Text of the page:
This one has to go to Marlin outfielder Logan Morrison, who was rumoured to have been demoted to Triple-A for his Tweeting (among other issues relating to his character). He was probably the No. 2 bat in the Marlins’ lineup at the time, which cements the speculation that he got sent down for his social media presence. Remember this, folks, when anointing Marlin owner Jeffrey Loria as a saviour for this offseason’s spending spree.
Con Artist of the Year (Decade)
Jeffrey Loria milked taxpayers for millions after crying poor.
Speaking of Loria, he takes the cake here. After convincing the Miami faithful that his imminent survival depended on creating a welfare state for his team and conning the taxpayers out of millions, the Florida/Miami owner proceeded to go out this offseason and spend $27 million on Heath Bell, $106 million on Jose Reyes, and $58 million on Mark Buehrle. How do you like me now, Miami-Dade County commission? Marlins’ fans have ridden this rollercoaster several times, it seems. And you can bet, as The Who so eloquently put, they “Won’t Get Fooled Again.”
Greg Louganis Award
Ryan Braun was stylin’ with his ex-hottie, but didn’t look so sharp doing a faceplant.
In a game against the Cardinals at the end of August, Ryan Braun displayed his base running skills like we’ve never seen before and, for his sake, hopefully never again. He stumbled rounding third and the wheels came off as he did a serious face plant halfway down the third base line — turning a sure-fire inside-the-park homer into an easy out. His teammates, however, did take full advantage and had some fun with it the next day at practice, going all CSI on him.
Who Are You Award
I signed the wrong name on my contract? Oops, my bad.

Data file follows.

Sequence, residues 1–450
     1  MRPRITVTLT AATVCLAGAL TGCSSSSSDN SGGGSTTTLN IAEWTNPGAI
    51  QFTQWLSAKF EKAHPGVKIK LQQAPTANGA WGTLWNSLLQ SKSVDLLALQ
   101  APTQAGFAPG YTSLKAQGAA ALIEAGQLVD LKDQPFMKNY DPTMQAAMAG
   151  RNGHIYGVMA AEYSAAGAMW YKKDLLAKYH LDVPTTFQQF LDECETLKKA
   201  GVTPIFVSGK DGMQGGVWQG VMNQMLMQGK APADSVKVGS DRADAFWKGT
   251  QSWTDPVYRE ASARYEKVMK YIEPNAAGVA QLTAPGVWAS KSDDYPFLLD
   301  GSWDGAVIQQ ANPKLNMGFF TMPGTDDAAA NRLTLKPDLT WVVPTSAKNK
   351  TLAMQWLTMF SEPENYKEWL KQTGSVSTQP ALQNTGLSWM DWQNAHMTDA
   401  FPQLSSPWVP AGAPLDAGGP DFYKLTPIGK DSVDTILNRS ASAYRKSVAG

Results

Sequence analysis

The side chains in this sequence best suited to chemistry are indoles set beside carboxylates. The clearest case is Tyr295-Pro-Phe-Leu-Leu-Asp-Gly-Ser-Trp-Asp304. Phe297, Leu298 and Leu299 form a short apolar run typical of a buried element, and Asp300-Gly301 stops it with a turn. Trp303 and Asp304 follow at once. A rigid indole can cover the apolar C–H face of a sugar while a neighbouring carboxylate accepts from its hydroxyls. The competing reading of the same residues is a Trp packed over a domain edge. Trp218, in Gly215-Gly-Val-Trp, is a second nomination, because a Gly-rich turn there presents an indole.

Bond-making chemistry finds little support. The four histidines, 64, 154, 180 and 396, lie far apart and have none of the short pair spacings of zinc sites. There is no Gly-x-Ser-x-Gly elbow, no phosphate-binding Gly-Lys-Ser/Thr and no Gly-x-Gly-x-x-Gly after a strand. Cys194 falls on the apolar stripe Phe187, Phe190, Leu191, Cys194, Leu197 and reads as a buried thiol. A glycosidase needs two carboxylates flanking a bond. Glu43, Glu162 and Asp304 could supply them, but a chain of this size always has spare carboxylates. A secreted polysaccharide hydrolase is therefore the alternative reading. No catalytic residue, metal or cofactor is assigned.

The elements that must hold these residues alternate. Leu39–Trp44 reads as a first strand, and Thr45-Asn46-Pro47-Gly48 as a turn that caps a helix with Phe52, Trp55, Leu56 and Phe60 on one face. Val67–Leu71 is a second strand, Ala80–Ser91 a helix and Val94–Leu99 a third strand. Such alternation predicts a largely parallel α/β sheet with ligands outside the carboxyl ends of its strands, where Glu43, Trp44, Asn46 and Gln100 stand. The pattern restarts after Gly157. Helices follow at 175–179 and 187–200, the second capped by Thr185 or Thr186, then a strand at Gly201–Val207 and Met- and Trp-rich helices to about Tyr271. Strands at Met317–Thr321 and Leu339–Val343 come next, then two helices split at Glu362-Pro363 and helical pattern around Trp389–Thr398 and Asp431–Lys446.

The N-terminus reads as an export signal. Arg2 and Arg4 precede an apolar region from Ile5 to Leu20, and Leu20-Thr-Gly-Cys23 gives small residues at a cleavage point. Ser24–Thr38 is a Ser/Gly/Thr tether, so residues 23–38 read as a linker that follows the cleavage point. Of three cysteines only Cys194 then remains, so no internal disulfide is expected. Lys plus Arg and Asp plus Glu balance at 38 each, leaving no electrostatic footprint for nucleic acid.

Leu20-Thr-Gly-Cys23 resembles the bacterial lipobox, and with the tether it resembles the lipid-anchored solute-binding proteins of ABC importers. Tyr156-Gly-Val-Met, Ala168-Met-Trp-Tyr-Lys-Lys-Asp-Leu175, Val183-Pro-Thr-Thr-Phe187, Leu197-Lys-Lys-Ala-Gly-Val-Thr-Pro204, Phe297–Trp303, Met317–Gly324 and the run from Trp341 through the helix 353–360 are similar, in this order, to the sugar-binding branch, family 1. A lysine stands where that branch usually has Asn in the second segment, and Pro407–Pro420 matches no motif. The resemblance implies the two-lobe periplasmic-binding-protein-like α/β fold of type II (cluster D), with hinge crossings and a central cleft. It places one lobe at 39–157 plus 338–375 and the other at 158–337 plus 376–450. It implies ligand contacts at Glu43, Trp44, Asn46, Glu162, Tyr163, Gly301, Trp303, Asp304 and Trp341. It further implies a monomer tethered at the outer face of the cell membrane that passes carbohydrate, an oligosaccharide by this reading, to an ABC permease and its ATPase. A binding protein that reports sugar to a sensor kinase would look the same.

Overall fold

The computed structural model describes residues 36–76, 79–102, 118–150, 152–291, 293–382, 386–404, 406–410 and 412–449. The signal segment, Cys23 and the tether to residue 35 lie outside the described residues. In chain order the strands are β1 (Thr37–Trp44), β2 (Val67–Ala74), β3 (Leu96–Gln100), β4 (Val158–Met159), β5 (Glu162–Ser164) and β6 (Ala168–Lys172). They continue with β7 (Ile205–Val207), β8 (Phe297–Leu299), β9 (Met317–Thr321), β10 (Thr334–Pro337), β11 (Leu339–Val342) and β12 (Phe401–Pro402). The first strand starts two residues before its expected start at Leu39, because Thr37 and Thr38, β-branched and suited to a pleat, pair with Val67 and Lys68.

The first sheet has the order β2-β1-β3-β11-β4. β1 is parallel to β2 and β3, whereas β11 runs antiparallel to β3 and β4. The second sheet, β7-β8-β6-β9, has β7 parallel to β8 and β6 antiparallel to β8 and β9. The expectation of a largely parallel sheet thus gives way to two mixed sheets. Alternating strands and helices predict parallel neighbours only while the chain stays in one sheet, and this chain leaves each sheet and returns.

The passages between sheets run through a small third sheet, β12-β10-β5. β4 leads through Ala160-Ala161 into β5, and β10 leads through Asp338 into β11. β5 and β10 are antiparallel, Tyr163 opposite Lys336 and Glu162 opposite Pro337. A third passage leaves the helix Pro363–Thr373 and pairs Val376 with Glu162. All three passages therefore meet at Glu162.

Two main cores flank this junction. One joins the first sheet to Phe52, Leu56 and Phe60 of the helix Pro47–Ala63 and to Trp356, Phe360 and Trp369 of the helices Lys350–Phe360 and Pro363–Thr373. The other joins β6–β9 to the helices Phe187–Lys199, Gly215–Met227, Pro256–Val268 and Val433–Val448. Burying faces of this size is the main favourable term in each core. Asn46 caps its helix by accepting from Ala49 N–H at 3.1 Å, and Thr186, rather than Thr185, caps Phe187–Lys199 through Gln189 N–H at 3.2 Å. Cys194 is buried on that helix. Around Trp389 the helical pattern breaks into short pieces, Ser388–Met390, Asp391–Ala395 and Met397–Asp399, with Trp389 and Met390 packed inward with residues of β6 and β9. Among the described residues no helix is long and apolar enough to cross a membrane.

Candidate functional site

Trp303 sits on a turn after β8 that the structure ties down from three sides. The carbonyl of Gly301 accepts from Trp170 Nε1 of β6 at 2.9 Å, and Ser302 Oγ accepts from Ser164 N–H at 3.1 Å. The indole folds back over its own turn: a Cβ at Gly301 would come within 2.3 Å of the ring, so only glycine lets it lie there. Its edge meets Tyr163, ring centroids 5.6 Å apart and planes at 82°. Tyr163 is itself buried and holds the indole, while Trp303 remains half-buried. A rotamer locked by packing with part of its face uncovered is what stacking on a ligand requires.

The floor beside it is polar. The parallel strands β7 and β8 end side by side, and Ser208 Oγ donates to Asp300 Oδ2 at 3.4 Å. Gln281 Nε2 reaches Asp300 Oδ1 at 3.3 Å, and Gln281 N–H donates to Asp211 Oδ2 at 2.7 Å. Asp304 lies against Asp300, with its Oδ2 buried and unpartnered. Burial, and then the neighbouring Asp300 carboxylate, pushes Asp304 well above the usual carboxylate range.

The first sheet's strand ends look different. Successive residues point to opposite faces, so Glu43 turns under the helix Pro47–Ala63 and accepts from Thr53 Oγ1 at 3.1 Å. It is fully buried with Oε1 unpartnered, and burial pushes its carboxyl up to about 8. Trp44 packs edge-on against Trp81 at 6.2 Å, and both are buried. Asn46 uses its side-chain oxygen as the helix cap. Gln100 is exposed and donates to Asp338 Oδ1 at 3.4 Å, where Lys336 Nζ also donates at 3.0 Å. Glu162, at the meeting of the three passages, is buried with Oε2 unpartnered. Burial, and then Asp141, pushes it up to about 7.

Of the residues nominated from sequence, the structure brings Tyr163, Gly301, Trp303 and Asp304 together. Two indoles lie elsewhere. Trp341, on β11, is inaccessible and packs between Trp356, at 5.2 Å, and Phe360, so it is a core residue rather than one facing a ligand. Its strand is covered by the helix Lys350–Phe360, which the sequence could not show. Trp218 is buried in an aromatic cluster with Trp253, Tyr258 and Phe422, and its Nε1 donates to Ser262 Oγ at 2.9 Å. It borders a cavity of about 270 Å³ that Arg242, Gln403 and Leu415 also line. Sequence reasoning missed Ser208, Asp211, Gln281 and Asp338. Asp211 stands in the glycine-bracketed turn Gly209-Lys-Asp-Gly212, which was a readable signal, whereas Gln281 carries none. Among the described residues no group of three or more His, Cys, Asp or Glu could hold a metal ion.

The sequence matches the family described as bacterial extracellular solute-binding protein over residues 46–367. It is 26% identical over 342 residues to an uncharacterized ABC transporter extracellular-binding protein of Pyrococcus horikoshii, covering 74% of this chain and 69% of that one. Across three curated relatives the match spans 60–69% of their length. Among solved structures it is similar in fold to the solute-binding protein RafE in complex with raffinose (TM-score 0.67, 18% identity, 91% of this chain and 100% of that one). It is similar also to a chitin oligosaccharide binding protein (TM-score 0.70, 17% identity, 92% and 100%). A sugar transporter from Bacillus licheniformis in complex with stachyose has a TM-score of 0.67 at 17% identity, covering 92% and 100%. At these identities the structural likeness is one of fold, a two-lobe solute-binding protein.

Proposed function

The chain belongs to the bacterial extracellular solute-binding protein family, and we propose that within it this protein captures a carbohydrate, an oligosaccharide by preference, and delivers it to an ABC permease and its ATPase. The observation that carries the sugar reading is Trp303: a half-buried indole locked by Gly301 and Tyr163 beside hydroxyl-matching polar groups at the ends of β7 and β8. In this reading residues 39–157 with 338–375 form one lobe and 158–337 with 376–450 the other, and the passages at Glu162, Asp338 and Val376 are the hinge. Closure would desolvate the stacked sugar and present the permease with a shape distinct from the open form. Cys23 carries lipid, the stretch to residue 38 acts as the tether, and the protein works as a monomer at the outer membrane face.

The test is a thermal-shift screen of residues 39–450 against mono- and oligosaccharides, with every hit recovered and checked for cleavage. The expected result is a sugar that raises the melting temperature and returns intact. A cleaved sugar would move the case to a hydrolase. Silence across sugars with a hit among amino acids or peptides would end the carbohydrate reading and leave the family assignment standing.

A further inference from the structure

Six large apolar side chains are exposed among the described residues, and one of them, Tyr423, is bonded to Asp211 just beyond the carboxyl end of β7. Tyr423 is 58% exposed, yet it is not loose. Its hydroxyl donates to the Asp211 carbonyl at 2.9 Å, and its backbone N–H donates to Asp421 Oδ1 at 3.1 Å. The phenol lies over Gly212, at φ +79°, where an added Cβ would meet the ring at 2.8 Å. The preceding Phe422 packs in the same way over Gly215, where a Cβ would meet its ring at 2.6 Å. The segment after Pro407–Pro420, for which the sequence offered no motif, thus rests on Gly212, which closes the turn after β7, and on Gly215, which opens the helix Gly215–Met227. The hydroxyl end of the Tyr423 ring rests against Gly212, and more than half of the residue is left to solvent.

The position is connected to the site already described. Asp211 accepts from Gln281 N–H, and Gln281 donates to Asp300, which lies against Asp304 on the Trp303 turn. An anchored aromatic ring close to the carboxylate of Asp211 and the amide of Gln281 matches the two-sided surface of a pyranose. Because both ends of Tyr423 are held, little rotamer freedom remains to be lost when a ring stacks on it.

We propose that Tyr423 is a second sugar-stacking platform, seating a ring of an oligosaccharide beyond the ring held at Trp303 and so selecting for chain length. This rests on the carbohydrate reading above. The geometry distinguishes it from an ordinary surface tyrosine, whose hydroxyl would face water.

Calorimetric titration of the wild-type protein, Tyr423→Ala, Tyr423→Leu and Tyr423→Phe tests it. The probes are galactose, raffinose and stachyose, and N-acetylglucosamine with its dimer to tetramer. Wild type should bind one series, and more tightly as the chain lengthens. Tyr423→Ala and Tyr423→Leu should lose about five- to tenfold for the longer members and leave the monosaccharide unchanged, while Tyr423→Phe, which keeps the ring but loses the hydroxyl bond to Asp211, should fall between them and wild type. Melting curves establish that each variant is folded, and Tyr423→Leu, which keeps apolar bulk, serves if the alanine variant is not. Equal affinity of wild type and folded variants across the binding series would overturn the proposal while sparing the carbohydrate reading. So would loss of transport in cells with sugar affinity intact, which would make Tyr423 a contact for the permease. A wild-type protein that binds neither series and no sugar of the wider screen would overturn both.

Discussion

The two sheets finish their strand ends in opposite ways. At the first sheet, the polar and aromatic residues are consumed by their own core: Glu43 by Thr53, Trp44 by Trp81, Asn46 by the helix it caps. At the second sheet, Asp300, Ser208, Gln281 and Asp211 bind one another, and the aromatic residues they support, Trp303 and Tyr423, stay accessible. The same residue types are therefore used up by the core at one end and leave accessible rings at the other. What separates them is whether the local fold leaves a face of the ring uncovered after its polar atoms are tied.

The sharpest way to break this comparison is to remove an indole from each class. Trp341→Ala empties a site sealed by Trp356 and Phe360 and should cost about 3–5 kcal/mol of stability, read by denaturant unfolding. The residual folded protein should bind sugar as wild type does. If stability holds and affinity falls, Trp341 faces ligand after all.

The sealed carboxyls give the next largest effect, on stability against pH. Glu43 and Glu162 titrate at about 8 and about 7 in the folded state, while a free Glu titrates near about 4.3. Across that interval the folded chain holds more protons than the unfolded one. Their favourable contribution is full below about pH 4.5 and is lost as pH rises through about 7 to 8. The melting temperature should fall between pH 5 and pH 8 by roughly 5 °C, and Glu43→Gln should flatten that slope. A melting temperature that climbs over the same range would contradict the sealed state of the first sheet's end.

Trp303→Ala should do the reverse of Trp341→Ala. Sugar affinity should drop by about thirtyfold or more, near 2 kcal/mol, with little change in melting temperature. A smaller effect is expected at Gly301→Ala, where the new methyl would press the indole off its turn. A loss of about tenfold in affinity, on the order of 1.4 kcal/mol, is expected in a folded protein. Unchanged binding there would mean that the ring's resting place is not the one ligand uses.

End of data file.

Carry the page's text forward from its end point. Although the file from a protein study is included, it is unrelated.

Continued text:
In one of the bizarre stories of the year, Leo Nunez somehow forgot to mention to U.S. Immigration or the Marlins that he was actually born a year later and that his real name was Juan Carlos Oviedo. The identity fraud also transcended to his closing abilities this year. Multiple personality disorder is a terrible illness and probably contributed to his masquerading as a closer in August when he blew three saves and posted an ERA of 11.42. Rumour has it Nunez/Oviedo was last seen roaming the jungles of the Dominican listening to this Who classic (yes, apparently we listen to a lot of Who tunes as well).
Yu Came Close but No Cigar Award
Alex Anthopoulos came within a spiky hair of landing Yu Darvish.
Toronto Blue Jays GM Alex Anthopoulos has to be a bit cranky these days. If the rumour mill is correct, he came up a day late and a dollar short in his chase for possibly the best starting pitcher currently not plying his trade in the bigs – Yu Darvish. The Toronto media was abuzz for weeks anticipating a Darvish acquisition, but unfortunately in the words of the immortal Maxwell Smart, “I missed it by that much.”
The Molasses Award
Adrian Gonzalez will never be confused with Speedy Gonzales.
Hell, former Red Sox manager Terry Francona even said so himself about his own player: “I’ve got to tell you, he’s the slowest player I’ve ever seen,” Tito said in reference to Adrian Gonzalez, who debuted with the Sox this year. To help Red Sox Nation understand the limitation of Gonzalez’s speed, Francona made a comparison that any Red Sox fans would understand and cringe at: “He’s Doug Mirabelli slow.” In other words, you’ll be using an hourglass to clock A-Gon down the line, folks. – RR
The Scientific Research Award
No stem cell — or cheeseburger — is safe from Bartolo Colon.
Normally we limit our awards to sports-related endeavours, but this year we’re going to break from precedent and recognize the efforts made by one player in the advancement of scientific research. Congratulations, Bartolo Colon, for your achievements in stem cell research. The Fat One, who sat out all of 2010, made a miraculous recovery this year, becoming a rather steady member of the Yankee rotation — which is a lot more than most of us thought he’d be when we teased the Yankees mercilessly for their reeking-of-desperation signings of both Colon and Freddy Garcia. Of course, we didn’t know at the time that Colon, whose career seemingly sputtered to an end because of shoulder and arm woes, had contracted a team of doctors to extract his fat and bone marrow stem cells and inject them into his shoulder and arm. While reportedly no HGH was used in this procedure, the fact remains that Colon is somewhat of a bionic man. Or perhaps an alien life form… Jabba the Hutt definitely bears a resemblance. — RR